Spike in Alcoholic Liver Disease Attributed to the Pandemic

To say the COVID-19 pandemic has been a public health crisis borders on being an understatement. Over 569,000 Americans have perished from complications caused by the novel coronavirus that reached the USA in January 2020. But as devastating as the disease itself has been, the pandemic has had many deleterious indirect effects on public health as well. Collective mental health has worsened as a result of stress and isolation, and with this has come an increase in substance misuse and overdoses.

Several surveys have found that Americans are drinking more during the pandemic. These numbers appear to coincide with a spike in alcoholic liver disease among women. Dr. Jessica Mellinger, a liver specialist at the University of Michigan, believes pandemic anxiety and limited access to health resources could be to blame.

“What we’ve seen is a lot more isolation, people’s daily routines have been quite disrupted,” she told NBC Miami. “Maybe people who recognize that they had an alcohol problem now are struggling to get help, struggling to find resources.”

Mellinger and others are also suspicious that “mommy juice’ type advertisements,” in which binge drinking to escape the stress of parenthood is normalized and celebrated, may be leading women to drink more.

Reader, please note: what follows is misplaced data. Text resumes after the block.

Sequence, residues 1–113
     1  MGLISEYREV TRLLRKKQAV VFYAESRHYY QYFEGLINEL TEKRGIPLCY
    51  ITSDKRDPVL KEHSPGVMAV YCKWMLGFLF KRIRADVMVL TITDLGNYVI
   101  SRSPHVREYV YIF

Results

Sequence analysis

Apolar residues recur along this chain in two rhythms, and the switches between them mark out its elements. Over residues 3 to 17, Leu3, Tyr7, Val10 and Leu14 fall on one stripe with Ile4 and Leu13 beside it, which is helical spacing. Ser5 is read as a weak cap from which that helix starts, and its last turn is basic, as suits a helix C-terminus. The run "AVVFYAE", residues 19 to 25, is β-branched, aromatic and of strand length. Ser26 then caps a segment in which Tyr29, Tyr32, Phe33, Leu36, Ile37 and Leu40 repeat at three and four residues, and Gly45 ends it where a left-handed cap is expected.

The “mommy-juice” trope, however, is nothing new; the alcohol industry has been directly marketing their products to women (specifically mothers) for years. “The problem is we’re in this culture where we are told that wine and alcohol is something that we deserve,” Stefanie Wilder Taylor, former “wine-mom” celebrity and author of Sippy Cups Are Not for Chardonnay, told Huffington Post. “I sure bought into that myself.”

Alcohol products are often marketed to mothers as a form of “self-care,” even though it has serious negative effects on physical and mental health.

Unfortunately, the pandemic has only increased stress levels, especially among parents of young children. Parents that have found online learning to be a source of stress in their lives are turning to the bottle more than others, consuming an additional 7 drinks per month on average.

How Much Drinking is too Much?

Everyone is different when it comes to how alcohol affects them and their health. However, the Centers for Disease Control and Prevention (CDC) defines heavy drinking as 8 drinks or more per week for women and 15 drinks or more per week for men. Drinking this much for a prolonged period of time can cause:

  • High blood pressure and irregular heartbeat, leading to heart disease and stroke.
  • Liver disease, such as fatty liver disease, hepatitis, cirrhosis, and more.
  • Cancer of the mouth, throat, colon, liver, breast, and more.

There are also many immediate health effects and injuries caused by binge drinking, which is drinking 5 or more beverages on one occasion for men and 4 or more drinks for women.

If you believe you or a loved has a drinking problem, professional help may offer the solution you need to withdraw safely and enter long-term recovery. Please reach out to an admissions navigator at .

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